cjpphotos | In A Car With Or As A Photographer

In A Car With Or As A Photographer

March 02, 2018  •  1 Comment

One of the things I'm sure photographers can relate to is being in a car, either as the driver or as a passenger is scanning the environment as it whirs by. How many times have you thought:

I want to stop right there and get some pictures of that scene. 


It's one of the reasons why I prefer being in the company of other photographers when I'm traveling.


Is this you?

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As a photographer, I’m always scanning the landscape for that one scene and being a passenger in a car or even driving myself, I fall into the trap of wanting to stop every time I see something I want to photograph.  As an example, several years ago there was a barn that had fallen into disrepair and it was only a matter of time before it completely collapsed.  Every time I drove by it, I wanted to get out and spend some time photographing it.  Unfortunately, the barn was on a busy road and not only that it was on a curve and there was no safe place to park my car anywhere along the road.  I watched it collapse in on itself every time I drove by it.  I never captured the barn.  There are more examples I can relate. Here’s another:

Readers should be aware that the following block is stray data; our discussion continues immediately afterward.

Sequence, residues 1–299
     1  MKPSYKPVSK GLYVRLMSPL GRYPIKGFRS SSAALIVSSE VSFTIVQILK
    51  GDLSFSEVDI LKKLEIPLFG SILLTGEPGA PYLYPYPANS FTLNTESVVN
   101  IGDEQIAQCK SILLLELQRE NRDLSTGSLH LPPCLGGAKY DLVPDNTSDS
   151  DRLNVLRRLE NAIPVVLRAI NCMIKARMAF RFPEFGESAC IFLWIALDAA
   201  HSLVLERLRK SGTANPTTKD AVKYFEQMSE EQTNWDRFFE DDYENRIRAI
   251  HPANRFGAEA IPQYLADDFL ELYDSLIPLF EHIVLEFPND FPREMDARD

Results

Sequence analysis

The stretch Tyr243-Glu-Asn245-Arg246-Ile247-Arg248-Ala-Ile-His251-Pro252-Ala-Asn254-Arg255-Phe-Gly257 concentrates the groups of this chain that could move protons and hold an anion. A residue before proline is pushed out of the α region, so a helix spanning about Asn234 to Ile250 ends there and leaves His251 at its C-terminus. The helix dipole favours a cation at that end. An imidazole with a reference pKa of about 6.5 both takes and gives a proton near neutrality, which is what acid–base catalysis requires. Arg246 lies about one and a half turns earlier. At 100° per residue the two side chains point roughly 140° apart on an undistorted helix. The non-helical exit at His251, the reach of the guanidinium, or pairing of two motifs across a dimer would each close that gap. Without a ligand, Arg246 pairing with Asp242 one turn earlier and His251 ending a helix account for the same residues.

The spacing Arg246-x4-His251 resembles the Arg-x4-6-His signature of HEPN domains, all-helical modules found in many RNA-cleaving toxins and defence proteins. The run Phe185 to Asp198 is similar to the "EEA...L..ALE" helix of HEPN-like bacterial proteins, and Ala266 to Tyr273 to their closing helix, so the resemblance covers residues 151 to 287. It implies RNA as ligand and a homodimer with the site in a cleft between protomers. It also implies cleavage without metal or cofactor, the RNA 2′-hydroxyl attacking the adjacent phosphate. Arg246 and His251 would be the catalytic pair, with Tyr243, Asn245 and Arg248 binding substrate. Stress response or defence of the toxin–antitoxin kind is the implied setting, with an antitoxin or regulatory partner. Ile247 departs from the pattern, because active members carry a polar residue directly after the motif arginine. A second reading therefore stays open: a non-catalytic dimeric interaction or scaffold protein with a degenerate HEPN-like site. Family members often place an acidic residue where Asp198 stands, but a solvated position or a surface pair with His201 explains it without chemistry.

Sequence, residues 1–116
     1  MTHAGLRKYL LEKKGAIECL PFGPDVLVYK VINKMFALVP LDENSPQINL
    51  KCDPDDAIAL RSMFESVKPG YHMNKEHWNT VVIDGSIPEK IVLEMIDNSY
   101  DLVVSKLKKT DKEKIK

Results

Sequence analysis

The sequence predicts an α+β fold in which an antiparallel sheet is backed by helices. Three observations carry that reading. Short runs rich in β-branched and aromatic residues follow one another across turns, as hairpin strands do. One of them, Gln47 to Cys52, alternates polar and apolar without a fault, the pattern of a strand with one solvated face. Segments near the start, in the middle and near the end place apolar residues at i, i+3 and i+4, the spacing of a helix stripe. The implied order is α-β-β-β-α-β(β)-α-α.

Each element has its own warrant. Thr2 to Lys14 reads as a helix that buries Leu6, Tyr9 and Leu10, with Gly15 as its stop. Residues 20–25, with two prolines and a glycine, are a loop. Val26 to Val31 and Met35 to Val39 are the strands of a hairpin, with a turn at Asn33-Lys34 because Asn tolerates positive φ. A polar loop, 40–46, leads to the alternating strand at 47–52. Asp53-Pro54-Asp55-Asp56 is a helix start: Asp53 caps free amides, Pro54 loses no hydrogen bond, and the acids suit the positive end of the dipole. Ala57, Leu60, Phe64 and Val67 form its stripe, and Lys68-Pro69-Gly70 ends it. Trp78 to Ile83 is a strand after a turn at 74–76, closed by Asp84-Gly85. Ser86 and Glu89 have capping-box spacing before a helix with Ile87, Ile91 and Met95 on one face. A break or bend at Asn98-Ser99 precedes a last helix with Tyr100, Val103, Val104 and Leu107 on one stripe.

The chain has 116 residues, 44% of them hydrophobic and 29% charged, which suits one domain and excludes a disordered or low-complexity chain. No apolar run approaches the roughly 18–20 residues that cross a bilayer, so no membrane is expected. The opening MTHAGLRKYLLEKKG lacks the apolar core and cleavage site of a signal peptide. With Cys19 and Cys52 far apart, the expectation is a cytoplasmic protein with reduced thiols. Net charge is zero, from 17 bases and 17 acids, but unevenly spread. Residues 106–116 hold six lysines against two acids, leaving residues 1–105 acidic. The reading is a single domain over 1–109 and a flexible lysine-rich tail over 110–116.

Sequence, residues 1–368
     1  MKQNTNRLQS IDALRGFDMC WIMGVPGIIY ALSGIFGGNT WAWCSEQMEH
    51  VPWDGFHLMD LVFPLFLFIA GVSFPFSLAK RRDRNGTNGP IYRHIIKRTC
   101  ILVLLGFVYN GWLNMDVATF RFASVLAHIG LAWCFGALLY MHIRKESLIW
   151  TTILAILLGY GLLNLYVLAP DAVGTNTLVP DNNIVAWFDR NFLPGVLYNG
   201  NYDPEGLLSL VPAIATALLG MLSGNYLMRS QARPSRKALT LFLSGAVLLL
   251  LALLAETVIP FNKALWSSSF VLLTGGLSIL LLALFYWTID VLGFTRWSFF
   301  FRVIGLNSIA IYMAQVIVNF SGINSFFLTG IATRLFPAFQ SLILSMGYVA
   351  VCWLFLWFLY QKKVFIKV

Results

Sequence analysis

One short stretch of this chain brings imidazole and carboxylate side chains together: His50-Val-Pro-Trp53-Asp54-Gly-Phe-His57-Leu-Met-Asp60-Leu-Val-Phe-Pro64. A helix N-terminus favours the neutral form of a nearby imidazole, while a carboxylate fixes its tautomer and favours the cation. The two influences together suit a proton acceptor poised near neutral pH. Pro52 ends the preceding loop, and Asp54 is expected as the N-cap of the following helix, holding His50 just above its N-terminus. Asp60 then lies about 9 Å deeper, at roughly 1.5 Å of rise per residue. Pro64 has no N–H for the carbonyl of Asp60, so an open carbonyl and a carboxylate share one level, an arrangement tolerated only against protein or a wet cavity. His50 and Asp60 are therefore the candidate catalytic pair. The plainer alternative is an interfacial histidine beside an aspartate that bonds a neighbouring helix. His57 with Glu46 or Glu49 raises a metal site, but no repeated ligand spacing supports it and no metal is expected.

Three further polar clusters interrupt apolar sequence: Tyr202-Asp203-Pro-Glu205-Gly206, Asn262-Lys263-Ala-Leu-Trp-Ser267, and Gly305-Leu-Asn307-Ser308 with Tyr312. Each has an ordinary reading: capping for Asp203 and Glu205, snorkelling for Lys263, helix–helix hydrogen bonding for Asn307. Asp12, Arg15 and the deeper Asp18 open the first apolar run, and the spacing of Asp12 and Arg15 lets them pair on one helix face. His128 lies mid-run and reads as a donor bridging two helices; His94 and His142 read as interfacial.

Several years ago while traveling to Vermont with a friend who is a photographer, we were both scanning the landscape. She was driving and I was the passenger.  With our windows open and driving on a backcountry road we heard water flowing somewhere close by.  We knew there was a waterfall near where we were driving.  Since we didn’t have a specific time we needed  to be where we were going, we pulled off the road, grabbed our cameras and locked the car up.  


We didn’t wind up finding the waterfall, but the crux of this example is to point out that had I been in the car with anyone other than a fellow photographer, we would not have pulled off the road.


Every time I’m traveling in a car I’m always scanning and when I see something, I want to pull over or have the person I’m riding with pull over.  However, most people I travel with are not photographers and I simply have to accept that I won’t be able to get the photos that I would like.  Even if I’m driving alone, many of the places I would like to photograph are two dangerous to pull over for.



How many other photographers can relate?



In the meantime:
Focus on what's ahead of you.





Roy A Ackerman, PhD, EA(non-registered)
I would no longer consider myself a photographer. But, I enjoy learning about the environment in which I travel. I found that waterfall!!!!
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